UofL Foundation invests in property deal with major donor, unwin - wave3.com-Louisville News, Weather & Sports

UofL Foundation invests in property deal with major donor, unwinds it after KYCIR question

LOUISVILLE, KY (WAVE) - Giving back has become legion for heir and philanthropist Henry Vogt Heuser Junior.

The Vogt Scholarships provide $10,000 for college to a senior from each of Jefferson County's Public High Schools.

"I've seen so visibly what scholarships just do and mean for students," Vogt told KET in a segment of its American Graduate Champion series that aired April 2014. "And I'm just addicted to this process."

He's given, or bequeathed, millions of dollars to the University of Louisville.

Less than a week prior, UofL's then-President Dr. James Ramsey had persuaded the University Foundation's directors to enter into a deal that "may result in a multi-million dollar benefit" according to minutes from the Board's meeting. The Foundation would borrow almost $3.5 million from one of Heuser's companies to buy 99 percent interest in a vacant factory in Oklahoma that Heuser had spent the previous months trying to sell for $6 million.

"The market for this type factory is very narrow," said Kate Howard, a staffer for the Kentucky Center for Investigative Reporting (KyCIR), a WAVE 3 News content partner. "It's heavy machinery. It's 150,000 square feet."

Tuesday, Howard reported the results of a month's long investigation into the deal on the Center's website.

KyCIR revealed how the university’s nonprofit fundraising arm took a 99 percent ownership stake of a vacant factory in Oklahoma. The move appears to have no academic purpose and raises ethical red flags, experts said.

From documents obtained via Open Records request, Howard learned that two appraisers whom Heuser's accounting firm hired valued the property between $4,730,000 and $5,100,000 in 2010, conceding that their calculations wouldn't qualify as a "conclusion of value" as the professional standards of the National Association of Certified Valuators and Analysts define it.

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"Essentially, what (the Foundation) did was ensure that $3.5 million worth of whatever he sold the factory for isn't taxable," Howard told WAVE 3 News. "So that appears to have shielded him whatever the factory sold from capital gains taxes that would have been subject to on the difference between whatever he has in the property and what it sold for."

"My recollection is that the Foundation would be receiving an appreciated gift or donation in excess of the base of the sale of the property," said Foundation Board member Dr. Larry Benz, chairman of UofL's Board of Trustees.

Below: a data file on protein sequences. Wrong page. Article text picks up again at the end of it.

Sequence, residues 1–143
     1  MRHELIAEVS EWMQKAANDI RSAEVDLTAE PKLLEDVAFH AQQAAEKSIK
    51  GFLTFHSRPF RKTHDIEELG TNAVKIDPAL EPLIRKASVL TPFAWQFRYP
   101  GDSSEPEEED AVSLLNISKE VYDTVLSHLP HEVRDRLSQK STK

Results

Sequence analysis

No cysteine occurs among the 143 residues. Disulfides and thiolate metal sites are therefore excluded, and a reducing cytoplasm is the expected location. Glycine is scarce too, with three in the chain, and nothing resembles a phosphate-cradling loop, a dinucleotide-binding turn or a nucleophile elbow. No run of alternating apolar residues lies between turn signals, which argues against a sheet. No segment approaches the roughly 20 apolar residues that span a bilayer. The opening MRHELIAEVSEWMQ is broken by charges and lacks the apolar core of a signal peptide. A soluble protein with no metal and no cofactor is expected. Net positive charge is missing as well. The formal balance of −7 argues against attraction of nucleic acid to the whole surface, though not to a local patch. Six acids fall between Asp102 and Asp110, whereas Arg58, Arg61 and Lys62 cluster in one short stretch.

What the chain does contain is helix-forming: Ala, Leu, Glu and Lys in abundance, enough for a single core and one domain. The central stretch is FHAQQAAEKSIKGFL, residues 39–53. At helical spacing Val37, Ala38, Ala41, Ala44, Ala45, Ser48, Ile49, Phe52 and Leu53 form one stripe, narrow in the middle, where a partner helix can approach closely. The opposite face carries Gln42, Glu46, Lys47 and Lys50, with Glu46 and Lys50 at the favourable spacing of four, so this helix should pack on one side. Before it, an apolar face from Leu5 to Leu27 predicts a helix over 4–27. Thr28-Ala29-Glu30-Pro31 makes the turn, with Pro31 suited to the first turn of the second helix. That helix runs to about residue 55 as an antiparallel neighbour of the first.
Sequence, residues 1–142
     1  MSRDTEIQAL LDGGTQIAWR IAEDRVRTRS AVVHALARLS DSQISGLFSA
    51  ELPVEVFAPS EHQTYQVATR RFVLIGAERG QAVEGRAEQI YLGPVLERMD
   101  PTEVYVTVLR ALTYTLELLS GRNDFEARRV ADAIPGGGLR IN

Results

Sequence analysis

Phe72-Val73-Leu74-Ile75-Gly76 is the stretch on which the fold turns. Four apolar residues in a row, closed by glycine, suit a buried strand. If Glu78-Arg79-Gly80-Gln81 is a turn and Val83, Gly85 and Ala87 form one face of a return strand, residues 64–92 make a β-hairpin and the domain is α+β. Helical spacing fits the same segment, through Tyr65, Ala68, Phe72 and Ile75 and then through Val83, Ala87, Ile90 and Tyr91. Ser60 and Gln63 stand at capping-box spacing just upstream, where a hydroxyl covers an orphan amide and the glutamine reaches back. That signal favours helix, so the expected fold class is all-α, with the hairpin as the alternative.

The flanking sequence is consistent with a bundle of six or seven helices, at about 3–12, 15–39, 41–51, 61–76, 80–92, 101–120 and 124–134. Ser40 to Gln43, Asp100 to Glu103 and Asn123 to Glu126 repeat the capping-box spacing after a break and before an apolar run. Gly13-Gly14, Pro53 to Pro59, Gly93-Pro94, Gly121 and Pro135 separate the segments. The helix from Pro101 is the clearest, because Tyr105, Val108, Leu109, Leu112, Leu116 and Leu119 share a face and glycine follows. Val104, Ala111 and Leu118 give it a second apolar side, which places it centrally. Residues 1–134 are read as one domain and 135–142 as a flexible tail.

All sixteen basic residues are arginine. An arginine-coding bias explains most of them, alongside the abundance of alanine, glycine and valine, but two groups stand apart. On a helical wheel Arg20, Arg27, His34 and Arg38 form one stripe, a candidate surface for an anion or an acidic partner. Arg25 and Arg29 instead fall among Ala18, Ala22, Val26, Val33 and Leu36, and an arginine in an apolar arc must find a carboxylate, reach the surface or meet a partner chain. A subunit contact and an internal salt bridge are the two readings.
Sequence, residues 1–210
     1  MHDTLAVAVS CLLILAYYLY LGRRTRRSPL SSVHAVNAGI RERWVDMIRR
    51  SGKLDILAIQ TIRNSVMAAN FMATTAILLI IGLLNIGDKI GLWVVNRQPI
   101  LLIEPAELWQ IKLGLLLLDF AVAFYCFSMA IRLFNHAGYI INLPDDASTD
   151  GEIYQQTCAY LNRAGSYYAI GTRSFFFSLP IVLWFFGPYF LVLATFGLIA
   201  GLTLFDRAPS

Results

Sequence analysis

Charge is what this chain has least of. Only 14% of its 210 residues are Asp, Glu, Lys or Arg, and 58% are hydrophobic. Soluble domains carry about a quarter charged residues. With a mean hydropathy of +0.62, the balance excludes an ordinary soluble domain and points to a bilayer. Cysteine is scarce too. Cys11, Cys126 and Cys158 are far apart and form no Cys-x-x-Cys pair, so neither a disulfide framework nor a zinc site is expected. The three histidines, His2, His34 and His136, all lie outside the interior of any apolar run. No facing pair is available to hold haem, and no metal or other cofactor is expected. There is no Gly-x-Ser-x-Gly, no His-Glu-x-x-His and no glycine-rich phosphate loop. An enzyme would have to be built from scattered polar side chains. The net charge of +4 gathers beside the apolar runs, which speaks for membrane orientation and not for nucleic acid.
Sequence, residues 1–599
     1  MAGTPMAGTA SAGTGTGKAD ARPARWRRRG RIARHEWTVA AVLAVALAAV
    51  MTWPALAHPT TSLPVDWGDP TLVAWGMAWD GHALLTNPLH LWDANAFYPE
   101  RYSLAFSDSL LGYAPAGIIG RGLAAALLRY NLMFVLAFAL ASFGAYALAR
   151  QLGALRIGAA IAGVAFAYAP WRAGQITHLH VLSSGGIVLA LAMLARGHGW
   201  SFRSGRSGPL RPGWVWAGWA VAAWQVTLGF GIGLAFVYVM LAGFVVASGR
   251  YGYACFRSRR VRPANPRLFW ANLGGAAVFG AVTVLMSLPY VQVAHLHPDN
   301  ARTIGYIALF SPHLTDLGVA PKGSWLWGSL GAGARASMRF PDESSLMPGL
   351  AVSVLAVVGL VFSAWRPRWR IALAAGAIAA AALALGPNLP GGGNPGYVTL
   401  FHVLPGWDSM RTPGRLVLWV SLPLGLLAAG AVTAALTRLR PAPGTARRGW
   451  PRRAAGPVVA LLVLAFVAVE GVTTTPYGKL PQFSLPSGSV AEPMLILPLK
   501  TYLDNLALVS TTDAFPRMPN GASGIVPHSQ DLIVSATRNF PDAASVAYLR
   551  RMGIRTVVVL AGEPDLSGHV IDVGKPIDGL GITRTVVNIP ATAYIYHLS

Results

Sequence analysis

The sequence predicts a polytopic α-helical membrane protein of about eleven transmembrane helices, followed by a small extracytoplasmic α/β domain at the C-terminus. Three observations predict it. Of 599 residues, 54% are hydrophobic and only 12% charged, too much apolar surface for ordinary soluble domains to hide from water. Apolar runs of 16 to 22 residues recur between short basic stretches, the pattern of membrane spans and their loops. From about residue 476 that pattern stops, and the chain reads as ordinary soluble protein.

UofL would get most of the difference after the Foundation paid back its paper loan.  Except, the Center's investigation found, the Foundation hadn't borrowed nor paid back a dime.

Except, the Center's investigation found, the Foundation didn't actually borrow, or pay, a dime.
"In worst-case-scenario, which apparently is as it turned out, the Foundation didn't receive any donation from it either," Benz said.

The site still hasn't sold. Foundation staffers cited that as one reason for unwinding the deal in August, one month after the Center made its Open Records requests.

"Some tax experts I spoke with said they exposed themselves to - potentially put their tax exempt status at risk," Howard said. “If it were found that they were going into deals, essentially  to assist donors with their tax situation."

"I personally don't know whether it is or isn't," Benz said. "And personally want to do some due diligence on that - as well as find out what triggered the unwind."

Heuser hasn't commented. Foundation Board Chairman Brucie Moore hasn't returned phone calls. Benz, who's questioned a number of the Foundation's investments and accounting techniques, wants the arrangement made part of the Forensic Audit and Management Review of the Foundation's practices.

A special meeting of the Joint Audit Oversight Committee is scheduled for Thursday. Included is a closed session to discuss potential litigation and proposals received from firms seeking to perform the audit.

"Apparently there were some legal transactions and other events that needed to happen that we probably weren't as sensitive to at the time (the deal was approved)," Benz told WAVE 3 News. "And we needed to be."

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